Fixed Income Markets
Most worldwide fixed income indices posted positive results in the first quarter; however, returns were muted compared to their equity counterparts. The following chart summarizes various fixed income index returns in Q1:
Fixed income returns hinge on two fulcrums: interest rates and inflation. For a long time now, many (including our own Fed Chairman) have been making predictions about both, and so far no one has got the timing down to a science. That being said, we still feel the inevitability (short or long term) of higher rates and inflation makes longer duration instruments less attractive than shorter and intermediate duration paper.
Bottom Line: We remain overweight to strategies focused on short duration fixed income with a slight bias towards domestic issuers as opposed to foreign credits. When allocating to managers that invest in global fixed income markets, we are focusing on those with dedicated risk management processes as well as teams that actively engage in currency hedging. Given our overall concern about the long-term return potential for traditional fixed income, we are looking also at managers with allocations to mortgages with risk-adjusted exposures to good paper and smart pricing.
While alternative managers participated in the market rally, they generally lagged behind long only exposure for the quarter. The following chart summarizes various alternative and hedge fund indices in the first quarter:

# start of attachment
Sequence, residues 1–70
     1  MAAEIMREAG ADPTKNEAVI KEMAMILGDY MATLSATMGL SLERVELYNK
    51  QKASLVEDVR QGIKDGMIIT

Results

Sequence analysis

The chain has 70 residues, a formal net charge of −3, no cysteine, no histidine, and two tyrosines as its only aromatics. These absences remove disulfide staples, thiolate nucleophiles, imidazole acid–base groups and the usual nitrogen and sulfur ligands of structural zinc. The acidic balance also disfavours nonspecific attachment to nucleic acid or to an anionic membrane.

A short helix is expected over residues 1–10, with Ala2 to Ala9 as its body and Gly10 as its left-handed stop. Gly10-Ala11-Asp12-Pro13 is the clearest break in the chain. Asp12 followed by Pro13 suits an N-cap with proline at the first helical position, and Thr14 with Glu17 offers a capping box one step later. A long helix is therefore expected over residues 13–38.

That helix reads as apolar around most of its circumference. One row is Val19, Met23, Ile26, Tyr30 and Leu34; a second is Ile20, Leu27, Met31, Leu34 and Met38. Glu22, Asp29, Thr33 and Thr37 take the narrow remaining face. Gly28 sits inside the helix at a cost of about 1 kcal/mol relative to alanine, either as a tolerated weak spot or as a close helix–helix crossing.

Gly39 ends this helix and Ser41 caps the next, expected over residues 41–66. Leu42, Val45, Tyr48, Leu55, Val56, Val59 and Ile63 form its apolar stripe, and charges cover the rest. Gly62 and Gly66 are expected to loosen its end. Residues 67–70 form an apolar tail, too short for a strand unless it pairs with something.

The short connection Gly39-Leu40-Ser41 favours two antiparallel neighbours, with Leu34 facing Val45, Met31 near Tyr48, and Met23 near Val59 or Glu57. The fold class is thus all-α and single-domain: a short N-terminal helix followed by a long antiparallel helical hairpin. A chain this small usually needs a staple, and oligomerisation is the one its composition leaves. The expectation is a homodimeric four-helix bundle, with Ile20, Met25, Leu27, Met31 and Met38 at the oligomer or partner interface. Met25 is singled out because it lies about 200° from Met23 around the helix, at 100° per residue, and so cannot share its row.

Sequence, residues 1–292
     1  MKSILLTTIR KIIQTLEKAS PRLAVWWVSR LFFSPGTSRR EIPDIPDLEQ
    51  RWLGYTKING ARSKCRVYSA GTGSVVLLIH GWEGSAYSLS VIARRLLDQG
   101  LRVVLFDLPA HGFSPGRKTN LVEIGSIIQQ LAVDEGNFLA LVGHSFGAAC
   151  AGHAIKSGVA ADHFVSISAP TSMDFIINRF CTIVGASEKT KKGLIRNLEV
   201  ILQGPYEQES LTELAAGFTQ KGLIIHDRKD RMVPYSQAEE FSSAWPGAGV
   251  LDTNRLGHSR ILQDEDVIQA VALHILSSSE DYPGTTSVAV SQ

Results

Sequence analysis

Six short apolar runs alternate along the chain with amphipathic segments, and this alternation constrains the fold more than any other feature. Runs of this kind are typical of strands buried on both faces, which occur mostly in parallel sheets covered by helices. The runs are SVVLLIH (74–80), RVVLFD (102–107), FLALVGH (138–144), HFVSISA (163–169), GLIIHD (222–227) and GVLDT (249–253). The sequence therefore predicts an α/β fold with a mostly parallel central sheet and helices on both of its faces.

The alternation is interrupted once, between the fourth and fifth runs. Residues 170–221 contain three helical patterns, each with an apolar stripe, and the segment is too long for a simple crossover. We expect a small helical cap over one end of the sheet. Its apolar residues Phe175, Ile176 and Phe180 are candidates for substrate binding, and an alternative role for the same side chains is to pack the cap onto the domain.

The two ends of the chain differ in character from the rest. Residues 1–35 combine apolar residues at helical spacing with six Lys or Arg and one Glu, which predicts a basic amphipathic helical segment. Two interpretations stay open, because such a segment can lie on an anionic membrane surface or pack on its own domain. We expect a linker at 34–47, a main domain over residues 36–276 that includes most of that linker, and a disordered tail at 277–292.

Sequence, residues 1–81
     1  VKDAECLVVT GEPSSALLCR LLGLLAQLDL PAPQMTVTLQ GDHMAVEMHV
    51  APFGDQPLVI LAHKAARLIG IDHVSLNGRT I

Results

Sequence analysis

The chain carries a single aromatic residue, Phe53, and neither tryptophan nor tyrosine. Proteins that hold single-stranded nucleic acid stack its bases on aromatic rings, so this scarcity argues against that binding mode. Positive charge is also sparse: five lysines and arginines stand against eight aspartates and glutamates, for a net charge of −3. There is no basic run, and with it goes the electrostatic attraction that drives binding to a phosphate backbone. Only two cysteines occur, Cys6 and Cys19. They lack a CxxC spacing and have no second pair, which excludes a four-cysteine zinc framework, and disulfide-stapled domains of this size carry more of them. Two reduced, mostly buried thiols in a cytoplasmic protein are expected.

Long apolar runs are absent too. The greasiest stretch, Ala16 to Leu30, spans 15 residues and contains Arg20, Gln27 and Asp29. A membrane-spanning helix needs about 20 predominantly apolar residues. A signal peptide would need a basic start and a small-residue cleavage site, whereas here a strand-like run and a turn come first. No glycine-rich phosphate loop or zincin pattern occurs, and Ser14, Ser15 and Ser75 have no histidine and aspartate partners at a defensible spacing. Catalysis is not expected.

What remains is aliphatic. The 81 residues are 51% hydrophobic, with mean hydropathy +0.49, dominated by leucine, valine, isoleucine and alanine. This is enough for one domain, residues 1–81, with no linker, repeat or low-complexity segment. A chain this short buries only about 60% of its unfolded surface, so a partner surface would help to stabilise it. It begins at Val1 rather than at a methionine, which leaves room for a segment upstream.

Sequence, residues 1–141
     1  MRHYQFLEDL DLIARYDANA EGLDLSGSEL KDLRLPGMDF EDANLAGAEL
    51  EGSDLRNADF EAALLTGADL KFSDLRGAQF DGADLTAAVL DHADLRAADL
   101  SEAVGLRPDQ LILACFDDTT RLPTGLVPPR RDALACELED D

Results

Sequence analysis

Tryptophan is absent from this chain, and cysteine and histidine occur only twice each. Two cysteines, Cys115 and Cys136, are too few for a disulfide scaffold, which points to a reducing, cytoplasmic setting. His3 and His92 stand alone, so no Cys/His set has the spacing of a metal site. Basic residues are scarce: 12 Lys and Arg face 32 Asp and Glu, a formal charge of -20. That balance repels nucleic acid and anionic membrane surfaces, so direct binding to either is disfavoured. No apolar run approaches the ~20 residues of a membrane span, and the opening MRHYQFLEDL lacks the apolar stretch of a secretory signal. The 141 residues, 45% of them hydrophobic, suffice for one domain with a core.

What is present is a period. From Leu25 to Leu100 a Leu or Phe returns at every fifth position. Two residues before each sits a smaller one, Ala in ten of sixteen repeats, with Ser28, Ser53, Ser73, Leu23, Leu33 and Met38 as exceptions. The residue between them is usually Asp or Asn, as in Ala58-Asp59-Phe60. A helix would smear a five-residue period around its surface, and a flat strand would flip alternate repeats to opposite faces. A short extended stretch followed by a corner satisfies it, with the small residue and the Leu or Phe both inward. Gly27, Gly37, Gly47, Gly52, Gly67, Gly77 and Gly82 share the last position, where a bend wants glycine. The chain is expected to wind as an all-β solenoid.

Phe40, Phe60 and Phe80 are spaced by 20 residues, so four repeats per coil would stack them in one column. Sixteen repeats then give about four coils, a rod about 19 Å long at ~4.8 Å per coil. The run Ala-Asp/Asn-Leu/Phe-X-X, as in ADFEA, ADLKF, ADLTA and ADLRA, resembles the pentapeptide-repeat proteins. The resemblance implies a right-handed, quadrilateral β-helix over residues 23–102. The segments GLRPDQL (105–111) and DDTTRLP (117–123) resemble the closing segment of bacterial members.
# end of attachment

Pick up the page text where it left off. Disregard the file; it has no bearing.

The first quarter continued to be a difficult short-term environment for hedge funds across all strategies due to an aggressive “risk on” mentality. Many of our managers de-risked their portfolios in the later months of 2011, which left them underexposed. This reduced exposure (and hence reduced upside relative to indexes and other long-only strategies) was in fact entirely in line with what we seek from alternative managers, namely, a focus on risk reduction as opposed to mere performance chasing. We want alternative managers to avoid severe drawdowns rather than simply capture every rally. This risk management is what hedge funds offer and thus illustrates why they are an essential component of any portfolio allocation. We feel this role makes them all the more important as we head into expected and unexpected macro headwinds.
Bottom Line: We continue to view alternative allocations as an integral part of any portfolio. We are focused on allocating towards multi-strategy managers as we believe their nimble, opportunistic, multi-asset approach makes them particularly well-suited to navigate any forthcoming volatility. We continue to seek active management in niche, uncorrelated strategies that can deliver alpha.
Conclusion and Outlook
Macro winds predominate. Many of the Euro-based fears from the summer of 2011 seemed momentarily forgotten in the wake of a massive Q4 2011 rally that continued into the first quarter of 2012. Despite many positive indicators on balance sheets and consumer minds, ongoing concerns regarding overly aggressive monetary policies around the world are reason for concern. Though no central bank is the same, there is a global trend toward liquidity, and this poses both risks and rewards. To the extent that economies are “doping” through QE and other policies, there is concern that even the best corporate earnings reports cannot stave off macro currents. In short, reasonable exposures are needed, but risk management across asset classes and strategies in addition to effective asset allocation continues to be our priority.